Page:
I didn’t really understand what my brother had done, but it certainly seemed as if “goosing” someone was a horrible crime. I heard that word over and over again, especially from my father, who would rant at my brother about why he’d “goosed” that girl. I began feeling a heavy weight on my seven year old shoulders, as children grilled me regularly about “what happened with your brother?” and “why isn’t he living with you all any more?”
My mother basically pretended nothing had happened, and I was aware of this every time I lied about why my brother had left home. I think “he’s helping my sister” was the line I most often used. I remember thinking the other kids were looking at me, and whispering to each other, about the serious crime my brother had committed.
It wasn’t until after both my parents had passed away that I realized just how significant this one incident had been, not only to my brother, but to me. It directly effected my brother by destroying his self-confidence, immersed him in the putrid mental health world, probably killed any chance he had to become a financial success in life, and is almost certainly responsible for the fact he never married or had children.
Its impact on me was less direct, but just as powerful. Although I was eight and half years younger, for all intents and purposes I became the big brother from that day forward. Combined with the JFK assassination happening at the exact same moment, my young mind became instantly distrustful of all authority. I could tell, at seven years old, that just as Lee Harvey Oswald hadn’t assassinated the president, my brother’s absurd punishment for an offense that should have maybe garnered a few days of detention demonstrated that the authorities weren’t interested in justice.
For decades, I suppressed this incident, and never recognized the way it had helped form my own radical mindset. I often wish I’d questioned my mother about it, but she was just as reluctant as my brother was to talk about it. It was only recently that my brother began opening up at least a bit. Before that, he would become uncharacteristically angry at the very mention of the subject, and invariably still blamed himself, usually saying, “I can’t believe I did something so stupid.”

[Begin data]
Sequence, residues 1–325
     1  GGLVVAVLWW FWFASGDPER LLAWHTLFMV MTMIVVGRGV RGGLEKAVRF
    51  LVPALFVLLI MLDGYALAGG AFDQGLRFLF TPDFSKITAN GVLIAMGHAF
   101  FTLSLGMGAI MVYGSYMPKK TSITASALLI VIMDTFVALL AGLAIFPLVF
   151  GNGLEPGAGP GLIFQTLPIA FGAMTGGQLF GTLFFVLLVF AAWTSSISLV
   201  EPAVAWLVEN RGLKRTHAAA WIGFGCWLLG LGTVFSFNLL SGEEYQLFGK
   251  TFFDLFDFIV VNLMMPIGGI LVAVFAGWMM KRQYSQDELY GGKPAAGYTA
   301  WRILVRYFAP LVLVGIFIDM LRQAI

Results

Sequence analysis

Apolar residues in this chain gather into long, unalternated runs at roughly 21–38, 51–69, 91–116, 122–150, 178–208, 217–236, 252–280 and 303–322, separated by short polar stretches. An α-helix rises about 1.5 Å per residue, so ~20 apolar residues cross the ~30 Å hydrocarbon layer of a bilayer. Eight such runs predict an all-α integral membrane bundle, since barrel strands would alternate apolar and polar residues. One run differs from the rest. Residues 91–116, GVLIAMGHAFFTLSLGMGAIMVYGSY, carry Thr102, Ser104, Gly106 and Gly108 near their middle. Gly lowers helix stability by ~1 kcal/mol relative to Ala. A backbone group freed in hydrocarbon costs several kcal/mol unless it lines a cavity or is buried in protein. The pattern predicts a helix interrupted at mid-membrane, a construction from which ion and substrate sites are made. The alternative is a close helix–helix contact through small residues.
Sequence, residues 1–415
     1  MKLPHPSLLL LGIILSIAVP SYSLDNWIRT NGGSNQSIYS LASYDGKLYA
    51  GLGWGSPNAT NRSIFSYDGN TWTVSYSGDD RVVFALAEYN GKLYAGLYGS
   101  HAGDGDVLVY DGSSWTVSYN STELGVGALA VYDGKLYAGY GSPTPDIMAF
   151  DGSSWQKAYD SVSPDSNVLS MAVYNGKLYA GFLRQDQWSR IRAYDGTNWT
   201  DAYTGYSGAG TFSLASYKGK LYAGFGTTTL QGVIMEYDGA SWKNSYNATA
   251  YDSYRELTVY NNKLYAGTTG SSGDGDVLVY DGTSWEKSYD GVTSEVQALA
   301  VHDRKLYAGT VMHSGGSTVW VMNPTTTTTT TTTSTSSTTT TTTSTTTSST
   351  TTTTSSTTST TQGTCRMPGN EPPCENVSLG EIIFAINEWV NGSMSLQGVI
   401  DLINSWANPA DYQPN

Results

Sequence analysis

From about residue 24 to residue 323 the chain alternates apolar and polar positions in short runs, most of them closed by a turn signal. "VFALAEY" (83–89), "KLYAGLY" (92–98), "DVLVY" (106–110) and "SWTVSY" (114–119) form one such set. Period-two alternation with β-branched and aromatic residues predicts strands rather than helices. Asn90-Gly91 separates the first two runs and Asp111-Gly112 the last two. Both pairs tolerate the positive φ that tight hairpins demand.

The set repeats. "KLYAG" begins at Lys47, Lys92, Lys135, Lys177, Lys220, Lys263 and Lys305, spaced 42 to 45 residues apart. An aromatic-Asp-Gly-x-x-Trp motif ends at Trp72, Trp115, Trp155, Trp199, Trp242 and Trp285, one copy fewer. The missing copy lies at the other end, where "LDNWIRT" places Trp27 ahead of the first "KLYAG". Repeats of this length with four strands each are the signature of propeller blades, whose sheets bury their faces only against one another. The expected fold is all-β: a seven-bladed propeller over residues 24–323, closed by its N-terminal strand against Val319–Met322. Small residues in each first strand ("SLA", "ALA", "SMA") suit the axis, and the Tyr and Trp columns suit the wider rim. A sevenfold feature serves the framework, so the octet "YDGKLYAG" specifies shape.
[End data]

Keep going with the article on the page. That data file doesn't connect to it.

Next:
The impact on my brother can also still be seen in the fact he has suppressed the name of the girl he “goosed.” Considering that he has an almost “Rainman” like ability to recall the names of even kindergarten classmates, over sixty years later, this is truly remarkable. The fact that he can’t remember the name of the person who had more influence on the direction his life took than almost anyone else can only be attributed to his purposefully suppressing a painful memory.
After he started opening up, I learned other details that staggered me even further. My brother claimed that the principal who’d screamed at him actually followed him to his new school, where he would regularly come into his classrooms, sit near him and stare at him. More incredibly, he would walk up to my brother if he attempted to talk to a girl in the hallway, and ask the girl with great concern, “Is he bothering you?” These incomprehensible tidbits had me thinking I was heading down one of my usual political rabbit holes.
I contacted the juvenile court system, and found people there as interested as I was once I told them the incredible story. But the records were already nearly fifty years old, and there are always privacy considerations for minors, etc. I even tried the high school where the incident took place, but again, too much time had passed. I need to know the truth for myself, if not for my brother. Even with my cynical adult perspective, it is hard to fathom how school authorities acted the way they did.
We are all the sum of our experiences, and early childhood events can set an adult personality in stone. Certainly, those youngsters who are sexually assaulted are impacted forever. The same thing goes for those who were viciously bullied as children. Perhaps my brother’s experience is the main reason I’ve always been so drawn to the side of bullied victims. It was certainly a great inspiration for me in writing my upcoming book The Bullyocracy: How the Social Hierarchy Enables Bullies to Rule Schools, Work Places, and Society at Large.
It felt therapeutic to write this. Sometimes it’s important to step away for a minute from the political and cultural madness that normally preoccupy my thoughts. Self- searching, introspection can lead to important insights for all of us.